Chocolate Milk a Great Recovery Drink? Debunking the 4:1 Muscle-Repairing Myth

By Walter Armstrong

Nine male cyclists ride full out until they're exhausted. They rest for four hours, receiving one of three beverages: Gatorade, Endurox R4, or good, old low-fat chocolate milk. Then they get back on their bikes and resume cycling as long and hard as they can.

The scenario is repeated three times. It's discovered that the cyclists who drank the Gatorade or the milk were able to go 50 percent longer than the Endurox R4 drinkers.

The scientists—yes, this is an actual experiment—publish the results in the International Journal of Sport Nutrition and Exercise Metabolism. The study, which was funded in part by the Dairy and Nutrition Council, in Indiana, makes headlines around the world. Will this spell curtains for the high-tech, high-priced "performance recovery drink" and a new "sports drink" career for old-time Ovaltine?

Doubtful. But several things about this news are worth attention, starting with the obvious fact that the dairy industry is making a bid to be your post-workout partner. The $4 billion-plus sports-drink market, which was once cornered by Gatorade, has become increasingly competitive. It's cheap! It's natural! It's as American as Mom and apple pie! It gives you a funny mustache! More interesting, however, is the basic science behind the study.

The little experiment confirms (sorta) current knowledge about what intense, sustained exercise does to muscles, causing not only fatigue but also potential damage. It depletes the glucose, a carbohydrate essential to the body's production of energy. That's why a prompt is in order. And until recently it was thought that the best treatment was an infusion of muscle-repairing carbohydrates along with fluids and electrolytes (lost through sweating). That's the formula (plus artificial flavor and awesome color!) that made Gatorade the "Thirst Quencher."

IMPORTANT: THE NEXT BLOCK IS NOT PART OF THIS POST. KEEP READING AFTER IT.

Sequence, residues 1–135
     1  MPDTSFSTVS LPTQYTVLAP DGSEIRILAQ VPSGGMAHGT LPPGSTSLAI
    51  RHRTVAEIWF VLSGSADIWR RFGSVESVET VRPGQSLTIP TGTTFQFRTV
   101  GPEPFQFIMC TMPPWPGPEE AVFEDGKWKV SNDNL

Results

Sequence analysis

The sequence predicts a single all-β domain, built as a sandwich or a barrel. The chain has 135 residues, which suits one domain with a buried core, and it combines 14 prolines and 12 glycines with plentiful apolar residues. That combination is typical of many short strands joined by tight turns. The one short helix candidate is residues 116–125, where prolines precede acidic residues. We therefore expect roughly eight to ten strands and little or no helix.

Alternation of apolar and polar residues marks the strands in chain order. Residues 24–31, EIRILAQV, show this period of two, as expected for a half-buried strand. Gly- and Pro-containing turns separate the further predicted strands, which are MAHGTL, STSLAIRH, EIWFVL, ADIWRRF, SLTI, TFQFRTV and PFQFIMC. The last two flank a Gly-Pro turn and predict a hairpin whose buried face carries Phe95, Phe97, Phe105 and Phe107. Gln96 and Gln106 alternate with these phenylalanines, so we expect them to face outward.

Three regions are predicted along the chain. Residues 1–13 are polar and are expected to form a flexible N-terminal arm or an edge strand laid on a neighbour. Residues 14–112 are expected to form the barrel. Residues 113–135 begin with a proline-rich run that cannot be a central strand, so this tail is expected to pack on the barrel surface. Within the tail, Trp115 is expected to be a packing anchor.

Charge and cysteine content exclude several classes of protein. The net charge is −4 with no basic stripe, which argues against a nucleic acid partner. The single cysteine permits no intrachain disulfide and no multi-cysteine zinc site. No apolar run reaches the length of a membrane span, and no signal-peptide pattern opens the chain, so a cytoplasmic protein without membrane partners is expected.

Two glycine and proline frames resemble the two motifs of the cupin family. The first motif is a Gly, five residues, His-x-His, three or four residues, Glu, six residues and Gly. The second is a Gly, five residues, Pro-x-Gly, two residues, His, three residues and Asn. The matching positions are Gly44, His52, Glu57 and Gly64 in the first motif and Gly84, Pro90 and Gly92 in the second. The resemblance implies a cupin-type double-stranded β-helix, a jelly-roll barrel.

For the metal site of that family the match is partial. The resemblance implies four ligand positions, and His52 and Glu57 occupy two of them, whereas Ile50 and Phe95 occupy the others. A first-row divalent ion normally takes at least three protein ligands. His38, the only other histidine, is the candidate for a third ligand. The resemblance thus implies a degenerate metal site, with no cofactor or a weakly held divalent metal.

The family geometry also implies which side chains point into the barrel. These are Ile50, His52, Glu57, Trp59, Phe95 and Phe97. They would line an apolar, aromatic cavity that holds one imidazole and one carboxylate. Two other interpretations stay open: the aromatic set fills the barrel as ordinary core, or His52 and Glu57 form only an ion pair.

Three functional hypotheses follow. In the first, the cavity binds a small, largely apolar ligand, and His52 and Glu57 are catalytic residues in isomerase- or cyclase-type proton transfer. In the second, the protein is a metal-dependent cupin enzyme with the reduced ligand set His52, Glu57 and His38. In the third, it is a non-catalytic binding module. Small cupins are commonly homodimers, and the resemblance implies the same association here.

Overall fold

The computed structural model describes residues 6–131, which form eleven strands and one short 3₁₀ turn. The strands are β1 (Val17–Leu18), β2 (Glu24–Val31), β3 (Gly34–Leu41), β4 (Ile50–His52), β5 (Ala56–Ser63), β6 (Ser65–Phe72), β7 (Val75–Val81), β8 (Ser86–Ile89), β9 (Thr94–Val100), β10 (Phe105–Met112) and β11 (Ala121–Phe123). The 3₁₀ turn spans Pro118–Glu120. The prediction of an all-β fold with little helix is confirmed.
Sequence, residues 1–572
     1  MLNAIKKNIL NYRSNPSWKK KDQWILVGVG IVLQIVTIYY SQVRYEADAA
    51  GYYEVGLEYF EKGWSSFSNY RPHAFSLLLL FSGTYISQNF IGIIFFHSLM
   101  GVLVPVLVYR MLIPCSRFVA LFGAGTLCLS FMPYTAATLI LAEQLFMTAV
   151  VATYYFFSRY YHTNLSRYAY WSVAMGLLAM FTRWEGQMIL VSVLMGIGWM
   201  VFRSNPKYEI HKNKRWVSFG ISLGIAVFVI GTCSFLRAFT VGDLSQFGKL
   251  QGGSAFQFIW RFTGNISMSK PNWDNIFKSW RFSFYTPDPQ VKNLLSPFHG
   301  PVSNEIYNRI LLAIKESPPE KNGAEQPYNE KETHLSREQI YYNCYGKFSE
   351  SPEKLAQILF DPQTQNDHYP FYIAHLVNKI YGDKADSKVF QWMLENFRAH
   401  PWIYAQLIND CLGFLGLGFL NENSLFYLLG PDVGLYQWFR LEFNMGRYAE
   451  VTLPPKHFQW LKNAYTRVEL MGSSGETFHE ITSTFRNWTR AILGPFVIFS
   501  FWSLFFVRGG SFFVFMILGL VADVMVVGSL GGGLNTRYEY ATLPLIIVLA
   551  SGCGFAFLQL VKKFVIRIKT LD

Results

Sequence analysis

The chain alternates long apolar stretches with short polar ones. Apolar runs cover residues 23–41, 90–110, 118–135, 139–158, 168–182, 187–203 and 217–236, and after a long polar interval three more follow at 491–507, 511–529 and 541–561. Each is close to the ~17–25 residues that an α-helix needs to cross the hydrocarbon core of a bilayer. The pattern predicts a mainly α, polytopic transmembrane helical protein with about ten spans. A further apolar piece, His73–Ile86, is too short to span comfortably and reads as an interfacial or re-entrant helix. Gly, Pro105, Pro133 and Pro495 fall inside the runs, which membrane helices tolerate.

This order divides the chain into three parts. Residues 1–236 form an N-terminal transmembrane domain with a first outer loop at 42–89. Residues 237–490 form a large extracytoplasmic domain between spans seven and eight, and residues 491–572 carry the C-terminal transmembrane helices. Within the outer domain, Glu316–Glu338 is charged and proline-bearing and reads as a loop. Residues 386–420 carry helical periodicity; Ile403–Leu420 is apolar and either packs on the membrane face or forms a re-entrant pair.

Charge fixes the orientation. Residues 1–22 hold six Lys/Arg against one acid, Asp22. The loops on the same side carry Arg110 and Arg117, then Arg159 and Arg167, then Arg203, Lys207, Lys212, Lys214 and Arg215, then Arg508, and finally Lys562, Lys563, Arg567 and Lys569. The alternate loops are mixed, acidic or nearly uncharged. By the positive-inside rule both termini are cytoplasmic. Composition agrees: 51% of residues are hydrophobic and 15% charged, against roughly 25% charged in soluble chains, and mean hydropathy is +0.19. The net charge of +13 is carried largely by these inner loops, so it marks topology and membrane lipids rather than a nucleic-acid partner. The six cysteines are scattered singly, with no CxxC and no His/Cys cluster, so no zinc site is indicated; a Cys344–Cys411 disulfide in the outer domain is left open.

Then sports science took a great leap forward when the famous 4:1 ratio was discovered. Researchers found that upping the carb count and adding some protein—specifically in a ratio of 4 grams of carbs to 1 gram of protein—increased athletic intensity and endurance. And that's the extra edge that Endurox R4 and other "plus protein" sports drinks charge you extra for.

Which brings us back to milk. At some point, the Dairy and Nutrition Council twigged to the fact that their product has the same 4:1 magic "sports fuel" ratio—and ponied up for this study. Still, even their marketers must have been shocked that low-fat chocolate milk proved to be twice as performance-enhancing as Endurox R4. That's doesn't add up biochemically. According to WebMd, the results may be best explained by the fact that the carbs in the milk are better absorbed by the gut than those in the Endurox. But what really has the experts spinning their wheels is Gatorade's surprising tie for first place. Where does that leave the famous 4:1 carb-protein theory on which this entire milk-as-sports-drink strategy is based? The answer, of course, is more studies of more cyclists.

In the meantime, reaching for a tall glass of ice-cold low-fat chocolate milk after your next exhausting workout may be worth a try. Although it won't be everyone's taste, WebMD reports that swimmer Michael Phelps announced at the 2004 Summer Olympics—the one rocked by steroid and doping scandals—that his drug of choice was Carnation Instant Breakfast. And look what it got him: six gold medals.

Got milk? Get a gold medal! Does anyone hear "Million-dollar milk-commercial contract for Mark Phelps"?